It is critical that content is accessible to the widest possible audience and complies with accessibility standards and regulations, such as WCAG 2.0 and Section 508 of the U.S. Government’s Rehabilitation Act. An “accessible” electronic document is one that is optimized for screen readers and other assistive devices used by persons with disabilities. Producing accessible content also plays a key role in optimizing PDF documents for successful indexing by Internet search engines.
Achieving this kind of accessibility requires tagging all document content based on its hierarchical structure (headings, paragraphs, lists, tables, and so on) and ordering the content in a linear path from start to finish. An additional requirement for accessible documents is identifying nontext content, such as graphics and images, in context and describing what is shown.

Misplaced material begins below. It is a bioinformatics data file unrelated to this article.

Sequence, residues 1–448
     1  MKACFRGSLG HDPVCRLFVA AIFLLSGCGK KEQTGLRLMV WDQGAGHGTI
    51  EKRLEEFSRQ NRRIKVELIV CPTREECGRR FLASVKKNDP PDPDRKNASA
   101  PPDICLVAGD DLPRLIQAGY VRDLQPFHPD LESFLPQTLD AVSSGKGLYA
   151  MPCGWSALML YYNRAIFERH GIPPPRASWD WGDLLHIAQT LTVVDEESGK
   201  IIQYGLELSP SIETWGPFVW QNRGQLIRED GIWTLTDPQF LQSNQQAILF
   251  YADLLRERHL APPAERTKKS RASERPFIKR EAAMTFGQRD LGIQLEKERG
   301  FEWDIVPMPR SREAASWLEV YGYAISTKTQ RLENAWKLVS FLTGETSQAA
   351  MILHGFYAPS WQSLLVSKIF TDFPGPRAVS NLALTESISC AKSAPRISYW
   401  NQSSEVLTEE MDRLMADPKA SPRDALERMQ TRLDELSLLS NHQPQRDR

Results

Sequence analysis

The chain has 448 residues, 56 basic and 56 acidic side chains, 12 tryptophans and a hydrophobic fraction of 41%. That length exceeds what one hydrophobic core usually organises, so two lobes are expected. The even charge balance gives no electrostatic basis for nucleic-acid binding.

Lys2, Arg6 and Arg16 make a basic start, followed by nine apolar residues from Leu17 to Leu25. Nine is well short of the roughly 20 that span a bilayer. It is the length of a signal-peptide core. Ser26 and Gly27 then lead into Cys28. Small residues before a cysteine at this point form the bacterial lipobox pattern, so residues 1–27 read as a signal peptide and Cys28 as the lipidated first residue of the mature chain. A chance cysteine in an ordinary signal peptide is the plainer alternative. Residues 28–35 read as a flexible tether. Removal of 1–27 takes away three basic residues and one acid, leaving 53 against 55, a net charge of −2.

InDesign offers a direct and simple workflow that dramatically reduces the time and effort required to produce accessible PDF documents from an InDesign layout. Most of the tasks are executed within InDesign, with only a few final steps required in Adobe Acrobat. This allows hierarchical and structural information to reside in the InDesign file, making updates faster and easier when you need to generate a revised accessible PDF document.
To create an accessible PDF, you need the following:
At a high level, the process of creating accessible PDFs consists of a few basic stages: